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Germany: MPs Should Strengthen Proposed Supply Chain Law

The German government’s proposed law governing companies’ obligations to respect human rights in supply chains is a step in the right direction but needs improving in key areas, Human Rights Watch said today. Parliament should explicitly require companies to assess and address human rights risks on an ongoing and systematic basis along the whole supply chain, including suppliers several steps down...

"[I]f this law is to prevent the worst abuses in global supply chains, companies need to systematically assess and address risks with suppliers who are several steps away, and not just in exceptional cases where NGOs or media ring the alarm bell." ...

The recent government compromise proposal comes at the last possible moment for the law to be adopted by this parliament, with national elections scheduled for September 2021...

The draft law is expected to be adopted by the cabinet in March and then presented to parliament. While the law has a good chance of being adopted because the governing coalition holds a majority of seats in parliament, the parliamentary debate promises to be fierce. Some CDU politicians have argued for no law or a weaker law, whereas members from the Greens and the parties on the left have called for far stronger requirements...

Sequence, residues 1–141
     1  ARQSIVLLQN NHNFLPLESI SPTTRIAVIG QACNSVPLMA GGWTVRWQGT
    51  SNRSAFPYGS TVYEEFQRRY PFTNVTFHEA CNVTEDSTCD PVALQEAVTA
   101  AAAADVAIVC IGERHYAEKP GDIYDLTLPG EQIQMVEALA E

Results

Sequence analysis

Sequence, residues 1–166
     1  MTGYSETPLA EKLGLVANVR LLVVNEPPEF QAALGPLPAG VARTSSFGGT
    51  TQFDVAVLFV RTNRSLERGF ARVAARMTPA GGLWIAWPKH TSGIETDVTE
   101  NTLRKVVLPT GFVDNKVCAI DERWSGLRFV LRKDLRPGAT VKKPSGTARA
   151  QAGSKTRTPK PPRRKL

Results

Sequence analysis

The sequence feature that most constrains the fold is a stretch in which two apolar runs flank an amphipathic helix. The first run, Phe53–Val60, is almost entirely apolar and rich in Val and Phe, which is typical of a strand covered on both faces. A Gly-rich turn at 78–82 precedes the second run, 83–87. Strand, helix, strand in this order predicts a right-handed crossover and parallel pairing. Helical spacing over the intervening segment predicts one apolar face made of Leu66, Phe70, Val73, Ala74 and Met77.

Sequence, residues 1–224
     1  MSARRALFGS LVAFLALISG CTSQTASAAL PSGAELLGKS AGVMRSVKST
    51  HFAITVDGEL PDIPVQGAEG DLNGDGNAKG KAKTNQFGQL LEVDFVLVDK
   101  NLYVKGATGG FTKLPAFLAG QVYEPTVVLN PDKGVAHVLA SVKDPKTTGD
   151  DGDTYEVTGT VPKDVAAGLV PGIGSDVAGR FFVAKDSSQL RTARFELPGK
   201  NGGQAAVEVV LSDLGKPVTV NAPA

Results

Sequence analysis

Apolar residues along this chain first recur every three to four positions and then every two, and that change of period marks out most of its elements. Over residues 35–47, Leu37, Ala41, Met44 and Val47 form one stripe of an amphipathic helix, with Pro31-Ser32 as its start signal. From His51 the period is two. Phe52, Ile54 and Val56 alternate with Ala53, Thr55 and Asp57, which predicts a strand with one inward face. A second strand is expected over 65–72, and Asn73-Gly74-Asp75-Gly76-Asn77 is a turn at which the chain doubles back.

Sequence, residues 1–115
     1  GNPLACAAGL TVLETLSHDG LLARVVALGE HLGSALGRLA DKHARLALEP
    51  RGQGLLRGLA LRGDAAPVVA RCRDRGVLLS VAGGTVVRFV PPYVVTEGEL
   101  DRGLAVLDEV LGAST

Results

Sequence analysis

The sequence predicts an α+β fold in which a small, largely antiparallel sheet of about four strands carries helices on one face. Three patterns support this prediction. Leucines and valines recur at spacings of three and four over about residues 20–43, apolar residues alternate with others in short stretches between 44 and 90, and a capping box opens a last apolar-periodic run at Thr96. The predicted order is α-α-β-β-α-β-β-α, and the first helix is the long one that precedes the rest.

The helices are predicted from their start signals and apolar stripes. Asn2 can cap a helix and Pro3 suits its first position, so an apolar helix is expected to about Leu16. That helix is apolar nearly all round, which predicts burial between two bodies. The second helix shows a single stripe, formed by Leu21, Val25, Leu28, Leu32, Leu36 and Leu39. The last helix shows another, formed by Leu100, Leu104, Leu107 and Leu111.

Parliament members should strengthen the law by taking the following measures:

  • Clarify that companies have to conduct ongoing and systematic human rights due diligence along the whole supply chain, including indirect suppliers;
  • Extend the scope of the law to all companies above 250 employees or a €20 million balance sheet total – defined as large companies in German law, and to small and medium-sized companies if they are active in industries with particularly high risks for people or the environment;
  • Strengthen provisions governing civil liability for persistent or irreversible human rights, labor rights, or environmental harm caused by, or substantially contributed to, by a company through its own operations or its supply chain; and
  • Spell out obligations regarding environmental due diligence, including on climate change.

“Parliament has a key role to play now in turning this into an effective law“, Kippenberg said. “What is needed is a robust law that helps respect the rights of the most vulnerable people.”

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